Quincy Launches Social Media Planning Game “Play the game. Plan the future.”

By Metropolitan Area Planning Council

Quincy – The City of Quincy, the Asian Community Development Corporation and the Metropolitan Area Planning Council (MAPC) are excited to announce the launch of Community PlanIt, an online game that involves citizens in planning and visioning for the North Quincy and Wollaston neighborhoods.

There will be a launch party for the game, called “NoQuWo: Quincy Neighborhoods on the Move,” this Saturday, May 5 at 4 p.m., at the B Café in Quincy. All residents of the North Quincy and Wollaston neighborhoods are encouraged to sign up to play the game at boston.communityplanit.org.

“I believe firmly that local government should be an open and responsive forum for the residents of the city. The NoQuWo Community PlanIt Game is another step in that direction,” said Quincy Mayor Thomas Koch. “As we work to strengthen the quality of life in North Quincy and Wollaston, we want to make sure we are engaging everyone in discussions about the future of these vibrant neighborhoods.”

“NoQuWo: Quincy Neighborhoods on the Move” is an online game that engages the public to express their vision for the community’s future. The game was designed by the Engagement Game Lab, http://engagementgamelab.org, a research and development lab at Emerson College.

To play the game, players log in and complete a series of timed “missions” which focus on different aspects of neighborhood life: living, playing, doing business and getting around. Participants earn points for each activity they complete, and can also add their own ideas for online or real “on the ground” activities, such as challenging other players to pick up trash or beautify a spot in the neighborhood.

The game focuses on the North Quincy and Wollaston neighborhoods of Quincy, which have experienced significant growth in diversity and population. Participants can play the game in either English or Chinese.

“Quincy has the highest proportion of Asian population in all of Massachusetts,” said Janelle Chan, Executive Director of Asian Community Development Corporation. “These families are growing deep roots in the Quincy community. We look forward to this opportunity to bring their voices into planning for the neighborhood’s future.”

Taking advantage of social media and smart phone/tablet technology, this project will bring longtime residents and newer communities together in planning for the future of NoQuWo. The game features role playing with different characters, helping to engage participants in thoughtful, creative thinking about the challenges and opportunities for the future of their neighborhood.

“We need forums where residents, whether young or old, newcomer or lifelong resident, English-speaking or Chinese-speaking, can discuss their collective vision for the neighborhood’s future,” said Marc Draisen, Executive Director of MAPC.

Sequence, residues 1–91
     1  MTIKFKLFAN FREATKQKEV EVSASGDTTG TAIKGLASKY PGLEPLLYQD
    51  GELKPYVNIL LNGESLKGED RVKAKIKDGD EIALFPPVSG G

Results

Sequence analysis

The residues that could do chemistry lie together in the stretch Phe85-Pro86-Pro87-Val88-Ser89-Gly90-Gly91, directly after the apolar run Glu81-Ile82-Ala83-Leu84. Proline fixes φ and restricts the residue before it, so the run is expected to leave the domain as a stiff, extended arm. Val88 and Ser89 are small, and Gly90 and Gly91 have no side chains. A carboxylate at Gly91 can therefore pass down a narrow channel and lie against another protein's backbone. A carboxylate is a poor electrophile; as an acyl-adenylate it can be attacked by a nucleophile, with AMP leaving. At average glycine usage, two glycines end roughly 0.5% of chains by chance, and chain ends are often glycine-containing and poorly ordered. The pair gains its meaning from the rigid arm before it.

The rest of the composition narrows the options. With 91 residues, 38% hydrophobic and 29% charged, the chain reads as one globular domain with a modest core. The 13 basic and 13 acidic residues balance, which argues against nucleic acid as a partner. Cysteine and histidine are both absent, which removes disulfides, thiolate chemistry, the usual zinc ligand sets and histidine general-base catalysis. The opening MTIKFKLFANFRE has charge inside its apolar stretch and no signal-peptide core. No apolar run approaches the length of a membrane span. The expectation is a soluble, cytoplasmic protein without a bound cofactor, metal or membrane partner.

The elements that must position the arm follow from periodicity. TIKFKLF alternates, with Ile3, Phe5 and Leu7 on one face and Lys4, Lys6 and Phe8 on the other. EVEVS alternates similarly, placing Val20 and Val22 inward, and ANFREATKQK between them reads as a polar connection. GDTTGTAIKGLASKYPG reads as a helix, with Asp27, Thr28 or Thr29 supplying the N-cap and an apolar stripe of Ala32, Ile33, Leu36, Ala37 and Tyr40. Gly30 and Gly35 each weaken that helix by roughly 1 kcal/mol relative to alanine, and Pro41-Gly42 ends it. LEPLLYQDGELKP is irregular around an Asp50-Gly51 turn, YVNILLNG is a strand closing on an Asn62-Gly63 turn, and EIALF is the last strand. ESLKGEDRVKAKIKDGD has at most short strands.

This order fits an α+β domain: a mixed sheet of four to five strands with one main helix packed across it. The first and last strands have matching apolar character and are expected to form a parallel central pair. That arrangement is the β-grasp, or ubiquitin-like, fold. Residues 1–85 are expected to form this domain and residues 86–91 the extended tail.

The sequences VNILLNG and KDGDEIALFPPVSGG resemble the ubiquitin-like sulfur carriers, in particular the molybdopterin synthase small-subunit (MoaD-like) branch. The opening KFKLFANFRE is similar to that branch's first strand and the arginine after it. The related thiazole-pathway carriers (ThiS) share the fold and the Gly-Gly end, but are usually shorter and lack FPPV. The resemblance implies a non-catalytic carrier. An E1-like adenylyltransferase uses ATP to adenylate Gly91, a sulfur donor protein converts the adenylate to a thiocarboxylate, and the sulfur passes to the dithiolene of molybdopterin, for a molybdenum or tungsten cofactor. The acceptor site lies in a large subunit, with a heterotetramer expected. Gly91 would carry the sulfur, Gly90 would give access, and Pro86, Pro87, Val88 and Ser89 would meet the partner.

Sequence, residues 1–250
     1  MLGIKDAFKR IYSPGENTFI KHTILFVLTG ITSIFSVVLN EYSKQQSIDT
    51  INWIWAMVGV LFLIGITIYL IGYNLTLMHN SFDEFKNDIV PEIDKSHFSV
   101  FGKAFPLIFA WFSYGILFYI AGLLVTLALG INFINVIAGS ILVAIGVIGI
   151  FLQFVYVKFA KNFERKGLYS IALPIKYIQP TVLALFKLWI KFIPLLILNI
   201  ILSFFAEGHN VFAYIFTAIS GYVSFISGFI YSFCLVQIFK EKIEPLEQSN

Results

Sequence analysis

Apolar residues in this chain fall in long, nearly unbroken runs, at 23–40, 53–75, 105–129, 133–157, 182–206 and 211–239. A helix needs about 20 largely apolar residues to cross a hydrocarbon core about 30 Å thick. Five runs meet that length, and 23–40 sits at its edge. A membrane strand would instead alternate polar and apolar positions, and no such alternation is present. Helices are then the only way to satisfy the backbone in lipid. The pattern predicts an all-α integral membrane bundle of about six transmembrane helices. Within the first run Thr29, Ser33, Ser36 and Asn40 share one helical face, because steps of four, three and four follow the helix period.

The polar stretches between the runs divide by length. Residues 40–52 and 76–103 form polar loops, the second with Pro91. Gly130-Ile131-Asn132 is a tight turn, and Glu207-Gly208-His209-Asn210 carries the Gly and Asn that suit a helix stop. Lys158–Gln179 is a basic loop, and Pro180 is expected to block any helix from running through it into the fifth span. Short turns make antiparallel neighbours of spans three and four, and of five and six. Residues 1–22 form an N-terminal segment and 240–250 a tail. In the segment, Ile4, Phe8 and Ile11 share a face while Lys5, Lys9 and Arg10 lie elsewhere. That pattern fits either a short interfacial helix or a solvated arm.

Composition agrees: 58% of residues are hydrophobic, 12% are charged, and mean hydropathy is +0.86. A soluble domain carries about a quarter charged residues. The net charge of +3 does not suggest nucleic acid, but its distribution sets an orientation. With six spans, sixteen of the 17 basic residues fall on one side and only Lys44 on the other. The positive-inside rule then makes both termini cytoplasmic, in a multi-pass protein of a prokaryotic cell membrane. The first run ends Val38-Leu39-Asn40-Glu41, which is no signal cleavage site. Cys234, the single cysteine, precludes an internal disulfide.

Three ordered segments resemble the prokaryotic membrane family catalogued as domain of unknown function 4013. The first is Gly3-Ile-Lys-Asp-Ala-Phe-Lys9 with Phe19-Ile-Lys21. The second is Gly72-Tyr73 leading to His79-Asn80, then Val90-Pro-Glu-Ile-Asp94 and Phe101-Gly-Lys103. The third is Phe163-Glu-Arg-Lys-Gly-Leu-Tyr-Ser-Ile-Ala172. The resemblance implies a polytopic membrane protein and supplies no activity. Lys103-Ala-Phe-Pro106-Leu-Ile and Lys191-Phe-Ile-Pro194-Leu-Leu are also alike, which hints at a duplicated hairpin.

Residents, community leaders from the City of Quincy’s Asian American Civic Engagement Task Force, and local planners developed the content for the game, starting with a Walkshop tour of the commercial strip of Hancock Street. Along the way, tour leaders used iPads to show historical photos and infographs about the area, and participants snapped photos of anything of interest (good or bad) and discussed their observations. Images and conversations from the Walkshop were used to shape the characters and scenarios in the NoQuWo game.

“Community PlanIt is a fun way to participate in city planning,” said Eric Gordon, Director of the Engagement Game Lab and lead designer of the game. “It opens up the opportunity to learn about local planning issues while competing for points and earning badges. But, perhaps most importantly, it is a place where youth and adults can work together to find meaningful solutions to problems and work towards real world solutions.”

The game will be officially launched on Saturday, May 5 from 4 p.m. to 6 p.m. at the Community PlanIt Launch Party at the B Café (Beni’s), 405 Hancock St, Quincy MA 02171. The event is free and open to the public. To RSVP, visit quincycommunityplanit.eventbrite.com.

This project is collaborative effort between the City of Quincy, Asian Community Development Corporation, Engagement Games Lab, Emerson College and the Metropolitan Area Planning Council with support provided by the U.S. Department of Housing and Urban Development Sustainable Communities Program.

For more information about the game, contact Holly St. Clair at [email protected] or 617-451-2770 x2014. Or, visit communityplanit.org.

1 comment

  1. City planning can never be boring. Games like this will involve the young ones which are the least interested to take part on this.

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